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Discerning beetles, an entomo-archaeological study of coleopteran faunas in relation to place and time

Grove, Katherine Jane (2002) Discerning beetles, an entomo-archaeological study of coleopteran faunas in relation to place and time. PhD thesis, University of Sheffield.

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Abstract

This work initially examines the origins and methods of entomo-archaeological studies and reviews the current state of this discipline. Original work is presented on coleopteran faunas, mainly from medieval pits, recovered and analysed from sites in Winchester, Southampton and Chichester. The faunas resemble those recovered from deposits of similar provenance from other sites. They also contain the earliest records of some species in Britain and the earliest medieval occurrences of others which, were common in Roman Britain, but missing from the Saxon urban record. A modem analogue of a medieval cesspit was set up in order to investigate the coleopteran faunas, which develop in that environment. Further experimental work was carried out using a choice chamber, to determine the preferred pabulum of certain species of Aphodius dung beetles. The findings are placed in a wider context as a representative sample of all work, carried out on Roman and post-Roman coleopteran thanatocoenoses, were included in the following investigations. Methods of standardising data from different sources are discussed. The distribution of synanthropic species through time was studied, with special emphasis on Tipnus unicolor and Cryptolestes ferrugineus. Investigations into the characteristics of pit faunas and into the relationship between the assemblage and the physical properties of the feature, in which it formed, were undertaken. Correspondence analysis, from the CANOCO computer program, was used as an aid to interpretation, in both exercises. Definite faunal types were discovered in pit assemblages, which could be related to the known archaeological details and certain properties of the feature were shown to influence the development of the fauna. These exercises proved that comparing work by different authors can be productive and that CANOCO is a powerful tool in analysis.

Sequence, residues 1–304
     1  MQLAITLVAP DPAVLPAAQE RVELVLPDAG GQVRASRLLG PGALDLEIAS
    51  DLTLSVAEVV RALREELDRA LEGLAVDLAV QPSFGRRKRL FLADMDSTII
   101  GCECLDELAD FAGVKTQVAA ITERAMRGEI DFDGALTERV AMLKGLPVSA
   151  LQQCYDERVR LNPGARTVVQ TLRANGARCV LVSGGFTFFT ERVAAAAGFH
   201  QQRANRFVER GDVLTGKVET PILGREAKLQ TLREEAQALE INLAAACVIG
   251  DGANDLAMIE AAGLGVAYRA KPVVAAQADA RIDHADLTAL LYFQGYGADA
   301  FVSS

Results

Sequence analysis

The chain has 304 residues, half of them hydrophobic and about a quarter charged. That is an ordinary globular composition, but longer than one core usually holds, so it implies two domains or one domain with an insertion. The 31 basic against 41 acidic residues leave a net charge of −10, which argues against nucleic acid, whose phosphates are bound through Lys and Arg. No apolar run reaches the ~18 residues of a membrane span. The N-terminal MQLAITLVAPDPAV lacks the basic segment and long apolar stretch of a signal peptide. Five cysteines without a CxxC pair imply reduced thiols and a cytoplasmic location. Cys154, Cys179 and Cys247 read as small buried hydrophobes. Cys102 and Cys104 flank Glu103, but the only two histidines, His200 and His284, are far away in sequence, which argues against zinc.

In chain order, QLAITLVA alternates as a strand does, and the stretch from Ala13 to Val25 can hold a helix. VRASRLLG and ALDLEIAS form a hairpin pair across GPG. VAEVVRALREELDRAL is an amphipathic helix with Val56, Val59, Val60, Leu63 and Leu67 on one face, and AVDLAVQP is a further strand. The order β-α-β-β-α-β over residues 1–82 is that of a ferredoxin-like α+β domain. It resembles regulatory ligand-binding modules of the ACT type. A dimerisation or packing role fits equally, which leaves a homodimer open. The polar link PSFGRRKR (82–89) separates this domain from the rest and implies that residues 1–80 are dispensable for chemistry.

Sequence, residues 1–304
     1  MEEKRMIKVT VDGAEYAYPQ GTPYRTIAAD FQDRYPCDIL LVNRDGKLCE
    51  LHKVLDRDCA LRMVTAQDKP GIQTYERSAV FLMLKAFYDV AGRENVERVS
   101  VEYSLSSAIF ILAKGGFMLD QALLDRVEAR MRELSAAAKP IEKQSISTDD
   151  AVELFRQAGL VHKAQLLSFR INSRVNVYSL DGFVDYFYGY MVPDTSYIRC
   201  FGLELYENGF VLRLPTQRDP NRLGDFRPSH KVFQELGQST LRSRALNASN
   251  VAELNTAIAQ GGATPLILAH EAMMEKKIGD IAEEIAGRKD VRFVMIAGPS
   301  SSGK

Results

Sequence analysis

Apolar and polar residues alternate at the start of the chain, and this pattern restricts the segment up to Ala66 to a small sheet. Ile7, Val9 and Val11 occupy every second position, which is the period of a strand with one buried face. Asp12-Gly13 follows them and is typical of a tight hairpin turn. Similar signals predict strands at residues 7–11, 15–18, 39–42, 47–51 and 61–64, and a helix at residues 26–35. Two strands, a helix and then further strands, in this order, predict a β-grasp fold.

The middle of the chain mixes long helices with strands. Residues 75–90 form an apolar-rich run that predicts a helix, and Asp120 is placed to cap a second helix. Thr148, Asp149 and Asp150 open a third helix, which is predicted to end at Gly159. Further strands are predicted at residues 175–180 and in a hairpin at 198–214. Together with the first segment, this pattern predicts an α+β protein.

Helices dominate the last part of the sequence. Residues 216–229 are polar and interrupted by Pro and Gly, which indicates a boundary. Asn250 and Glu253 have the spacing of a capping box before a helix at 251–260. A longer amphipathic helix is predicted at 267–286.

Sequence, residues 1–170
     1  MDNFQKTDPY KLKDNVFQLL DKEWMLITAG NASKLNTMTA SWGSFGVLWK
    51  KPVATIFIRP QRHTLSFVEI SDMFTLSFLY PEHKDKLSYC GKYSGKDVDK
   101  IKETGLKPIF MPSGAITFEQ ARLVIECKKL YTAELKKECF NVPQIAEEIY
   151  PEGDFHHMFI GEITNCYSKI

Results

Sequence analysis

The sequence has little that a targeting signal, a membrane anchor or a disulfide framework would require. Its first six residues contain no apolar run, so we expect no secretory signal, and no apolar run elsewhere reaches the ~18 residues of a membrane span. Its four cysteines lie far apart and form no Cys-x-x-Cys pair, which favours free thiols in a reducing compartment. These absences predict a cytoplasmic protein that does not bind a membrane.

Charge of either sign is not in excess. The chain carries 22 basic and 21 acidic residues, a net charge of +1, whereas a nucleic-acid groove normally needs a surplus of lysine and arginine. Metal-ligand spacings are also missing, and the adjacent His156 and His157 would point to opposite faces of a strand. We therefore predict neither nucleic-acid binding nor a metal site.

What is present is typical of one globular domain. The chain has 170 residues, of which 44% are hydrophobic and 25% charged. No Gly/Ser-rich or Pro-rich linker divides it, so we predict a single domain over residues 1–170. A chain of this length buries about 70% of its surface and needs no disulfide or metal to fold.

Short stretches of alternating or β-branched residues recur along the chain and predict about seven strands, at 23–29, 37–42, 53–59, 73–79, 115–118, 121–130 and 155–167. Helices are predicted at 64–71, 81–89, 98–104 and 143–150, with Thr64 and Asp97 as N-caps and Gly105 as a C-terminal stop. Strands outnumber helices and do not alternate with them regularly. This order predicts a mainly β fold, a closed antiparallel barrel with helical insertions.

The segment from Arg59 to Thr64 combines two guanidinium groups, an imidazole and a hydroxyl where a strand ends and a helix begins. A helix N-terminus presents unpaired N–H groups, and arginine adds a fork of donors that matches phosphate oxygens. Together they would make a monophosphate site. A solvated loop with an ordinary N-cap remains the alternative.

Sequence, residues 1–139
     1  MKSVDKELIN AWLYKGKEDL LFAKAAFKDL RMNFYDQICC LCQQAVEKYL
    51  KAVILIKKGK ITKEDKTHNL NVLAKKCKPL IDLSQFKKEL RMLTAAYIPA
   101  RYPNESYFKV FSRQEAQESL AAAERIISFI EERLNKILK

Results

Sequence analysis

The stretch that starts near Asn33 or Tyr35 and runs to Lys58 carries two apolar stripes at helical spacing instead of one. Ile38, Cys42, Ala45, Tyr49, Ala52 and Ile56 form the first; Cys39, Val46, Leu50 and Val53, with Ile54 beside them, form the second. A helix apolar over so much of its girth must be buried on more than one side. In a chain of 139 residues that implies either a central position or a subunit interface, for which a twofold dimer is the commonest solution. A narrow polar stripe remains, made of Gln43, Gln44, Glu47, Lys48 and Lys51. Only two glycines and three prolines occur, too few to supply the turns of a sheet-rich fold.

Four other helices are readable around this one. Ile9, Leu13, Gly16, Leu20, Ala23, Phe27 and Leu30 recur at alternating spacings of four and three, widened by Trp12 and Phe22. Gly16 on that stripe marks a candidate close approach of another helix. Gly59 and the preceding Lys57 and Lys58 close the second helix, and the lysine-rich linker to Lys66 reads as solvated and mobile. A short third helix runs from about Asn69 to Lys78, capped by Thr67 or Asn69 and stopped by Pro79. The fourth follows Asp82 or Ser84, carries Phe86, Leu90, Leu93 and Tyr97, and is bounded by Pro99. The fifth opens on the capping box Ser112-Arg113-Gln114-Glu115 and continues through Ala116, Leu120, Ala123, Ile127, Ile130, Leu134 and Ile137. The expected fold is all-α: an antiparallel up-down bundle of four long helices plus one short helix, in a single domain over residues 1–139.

Item Type: Thesis (PhD)
Academic Units: The University of Sheffield > Faculty of Arts and Humanities (Sheffield) > Archaeology (Sheffield)
The University of Sheffield > Faculty of Science (Sheffield) > Archaeology (Sheffield)
Identification Number/EthosID: uk.bl.ethos.508335
Depositing User: EThOS Import Sheffield
Date Deposited: 20 May 2014 15:25
Last Modified: 20 May 2014 15:25
URI: http://etheses.whiterose.ac.uk/id/eprint/6133

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